The foreclosure crisis is finally nearing an end, at least according to Bill Emmons, an Economist and Assistant VP with the St. Louis Fed in conjunction with the St. Louis Fed’s quarterly Housing Market Conditions report.
Emmons says that while some states are still taking a longer time than others to hit pre-crisis foreclosure and delinquency levels, the end is near, perhaps as soon as the first quarter of 2017. He adds that the condition of current mortgage borrowers is once again comparable to the period just before the Great Recession and the onset of the foreclosure crisis in the fourth quarter of 2007.
“However it is defined, the mortgage foreclosure crisis will go down as one of the worst periods in our nation’s financial history. For the nation as a whole, the crisis will have lasted almost a decade—about as long as the Great Depression,” says Emmons. “The conclusion that the foreclosure crisis has been a long, miserable experience for many is unavoidable. And many Americans continue to suffer lasting financial, emotional and even physical pain as a result of their experiences during this time. However, a look at the data today shows that, at least, the end is in sight.”
Emmons adds that in looking deeper at regional and state levels, some areas have experienced severe recessions and housing crises worse than the nation as a whole. In contrast, however, he notes that other metros have suffered less, resulting in a wide range of foreclosure-crisis experiences.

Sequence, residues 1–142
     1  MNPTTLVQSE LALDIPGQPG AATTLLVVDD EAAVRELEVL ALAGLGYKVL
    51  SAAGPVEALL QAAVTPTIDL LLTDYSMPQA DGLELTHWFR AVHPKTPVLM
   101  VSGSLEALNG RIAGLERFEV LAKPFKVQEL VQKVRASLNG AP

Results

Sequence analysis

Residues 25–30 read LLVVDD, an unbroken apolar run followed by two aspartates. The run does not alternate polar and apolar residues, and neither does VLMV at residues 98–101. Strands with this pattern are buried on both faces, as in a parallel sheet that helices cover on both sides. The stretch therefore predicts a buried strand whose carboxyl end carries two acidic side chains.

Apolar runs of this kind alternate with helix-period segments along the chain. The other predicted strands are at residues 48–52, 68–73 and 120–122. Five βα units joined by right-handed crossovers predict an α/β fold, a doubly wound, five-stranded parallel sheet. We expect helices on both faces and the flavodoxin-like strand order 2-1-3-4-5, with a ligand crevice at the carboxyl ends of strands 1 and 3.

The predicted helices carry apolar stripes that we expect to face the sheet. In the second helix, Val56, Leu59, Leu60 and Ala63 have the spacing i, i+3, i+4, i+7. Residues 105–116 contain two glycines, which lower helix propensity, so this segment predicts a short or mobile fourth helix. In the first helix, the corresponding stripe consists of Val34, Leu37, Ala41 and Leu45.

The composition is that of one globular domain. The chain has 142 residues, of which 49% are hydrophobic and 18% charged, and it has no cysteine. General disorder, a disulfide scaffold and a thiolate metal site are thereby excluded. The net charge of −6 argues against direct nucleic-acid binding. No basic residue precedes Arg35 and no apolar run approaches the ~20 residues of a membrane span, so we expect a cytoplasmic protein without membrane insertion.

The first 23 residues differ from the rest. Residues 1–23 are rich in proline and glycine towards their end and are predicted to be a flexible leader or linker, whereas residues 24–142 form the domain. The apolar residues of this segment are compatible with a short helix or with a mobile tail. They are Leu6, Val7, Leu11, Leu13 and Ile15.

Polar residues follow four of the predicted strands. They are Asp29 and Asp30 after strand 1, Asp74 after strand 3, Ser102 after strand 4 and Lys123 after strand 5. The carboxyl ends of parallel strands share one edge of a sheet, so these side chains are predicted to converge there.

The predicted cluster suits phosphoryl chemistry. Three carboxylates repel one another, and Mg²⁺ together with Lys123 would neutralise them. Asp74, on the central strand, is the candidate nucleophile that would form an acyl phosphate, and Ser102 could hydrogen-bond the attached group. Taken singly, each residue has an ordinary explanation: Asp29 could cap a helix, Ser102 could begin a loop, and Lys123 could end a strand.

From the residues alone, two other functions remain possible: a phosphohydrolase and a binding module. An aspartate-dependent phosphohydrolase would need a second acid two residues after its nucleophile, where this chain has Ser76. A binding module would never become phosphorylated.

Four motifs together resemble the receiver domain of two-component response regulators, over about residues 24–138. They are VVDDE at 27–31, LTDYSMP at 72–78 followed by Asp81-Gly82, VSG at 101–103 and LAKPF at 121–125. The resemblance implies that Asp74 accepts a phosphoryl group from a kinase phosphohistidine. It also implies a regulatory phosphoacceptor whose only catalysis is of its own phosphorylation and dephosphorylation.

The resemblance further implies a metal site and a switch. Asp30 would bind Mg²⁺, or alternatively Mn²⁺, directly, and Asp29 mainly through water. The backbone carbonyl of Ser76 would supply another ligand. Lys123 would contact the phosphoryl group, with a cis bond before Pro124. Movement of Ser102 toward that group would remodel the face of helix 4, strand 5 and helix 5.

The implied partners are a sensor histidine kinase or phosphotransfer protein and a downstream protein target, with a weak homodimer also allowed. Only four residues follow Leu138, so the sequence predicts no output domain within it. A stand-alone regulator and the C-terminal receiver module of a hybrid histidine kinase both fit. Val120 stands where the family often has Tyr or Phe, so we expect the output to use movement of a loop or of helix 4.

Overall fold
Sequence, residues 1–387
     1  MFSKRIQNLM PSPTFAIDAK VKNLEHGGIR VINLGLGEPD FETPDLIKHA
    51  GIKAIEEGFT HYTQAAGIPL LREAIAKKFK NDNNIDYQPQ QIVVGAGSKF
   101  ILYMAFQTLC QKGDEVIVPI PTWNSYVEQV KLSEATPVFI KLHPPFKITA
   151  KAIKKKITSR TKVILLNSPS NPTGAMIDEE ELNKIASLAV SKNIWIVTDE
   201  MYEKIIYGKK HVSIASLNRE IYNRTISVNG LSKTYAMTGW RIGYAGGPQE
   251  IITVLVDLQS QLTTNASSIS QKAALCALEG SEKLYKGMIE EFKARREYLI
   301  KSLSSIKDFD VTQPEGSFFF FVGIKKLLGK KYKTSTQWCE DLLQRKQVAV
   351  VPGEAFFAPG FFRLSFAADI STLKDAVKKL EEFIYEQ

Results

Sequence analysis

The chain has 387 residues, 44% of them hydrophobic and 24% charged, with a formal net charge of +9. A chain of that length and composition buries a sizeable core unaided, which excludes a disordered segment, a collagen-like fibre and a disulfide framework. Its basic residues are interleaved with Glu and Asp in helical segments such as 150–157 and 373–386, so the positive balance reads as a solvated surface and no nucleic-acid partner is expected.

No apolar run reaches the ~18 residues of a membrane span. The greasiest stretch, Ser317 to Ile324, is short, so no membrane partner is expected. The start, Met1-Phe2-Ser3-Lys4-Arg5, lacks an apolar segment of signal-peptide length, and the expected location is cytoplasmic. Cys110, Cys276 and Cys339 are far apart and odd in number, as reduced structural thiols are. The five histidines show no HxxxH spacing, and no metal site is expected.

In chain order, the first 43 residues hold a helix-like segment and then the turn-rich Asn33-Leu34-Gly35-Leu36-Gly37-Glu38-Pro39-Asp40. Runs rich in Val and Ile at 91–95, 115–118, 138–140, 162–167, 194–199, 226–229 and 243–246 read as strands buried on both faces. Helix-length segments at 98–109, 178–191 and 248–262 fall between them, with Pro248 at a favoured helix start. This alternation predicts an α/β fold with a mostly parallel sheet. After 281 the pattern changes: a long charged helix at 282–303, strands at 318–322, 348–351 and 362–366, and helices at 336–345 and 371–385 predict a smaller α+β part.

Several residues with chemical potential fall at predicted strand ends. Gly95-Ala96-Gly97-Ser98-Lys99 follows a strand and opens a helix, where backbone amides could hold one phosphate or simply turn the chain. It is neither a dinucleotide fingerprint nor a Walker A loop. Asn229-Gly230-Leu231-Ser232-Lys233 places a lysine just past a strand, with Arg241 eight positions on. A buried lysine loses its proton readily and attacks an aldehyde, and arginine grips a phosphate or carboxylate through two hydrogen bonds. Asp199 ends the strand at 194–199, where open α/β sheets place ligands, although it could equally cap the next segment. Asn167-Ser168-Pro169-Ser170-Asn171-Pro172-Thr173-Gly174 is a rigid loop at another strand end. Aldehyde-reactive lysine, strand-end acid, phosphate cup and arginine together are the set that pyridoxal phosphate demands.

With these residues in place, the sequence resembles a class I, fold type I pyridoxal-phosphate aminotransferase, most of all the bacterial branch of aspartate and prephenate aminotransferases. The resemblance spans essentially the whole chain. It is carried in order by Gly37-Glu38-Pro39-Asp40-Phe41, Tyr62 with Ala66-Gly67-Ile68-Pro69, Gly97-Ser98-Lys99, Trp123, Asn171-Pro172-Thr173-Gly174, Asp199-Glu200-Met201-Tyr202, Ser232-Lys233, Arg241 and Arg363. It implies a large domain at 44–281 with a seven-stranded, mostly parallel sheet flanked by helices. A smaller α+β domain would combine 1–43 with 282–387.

Further the report says that an analysis of the states that comprise the St. Louis Fed’s Eighth District (Arkansas, Illinois, Indiana, Kentucky, Mississippi, Missouri and Tennessee) show each of the states entered their respective foreclosure crises during 2008-2009. Emmons says this is somewhat later than the nation as a whole, but by the third quarter of 2016, six of the seven District states had exited their respective crises, with Illinois expected to follow by the end of 2016.
“For most states in the Eighth District, the slightly shorter duration of their foreclosure crises, when measured against their own data trends, has been offset by higher average rates of serious mortgage distress seen even in non-crisis periods,” says Emmons.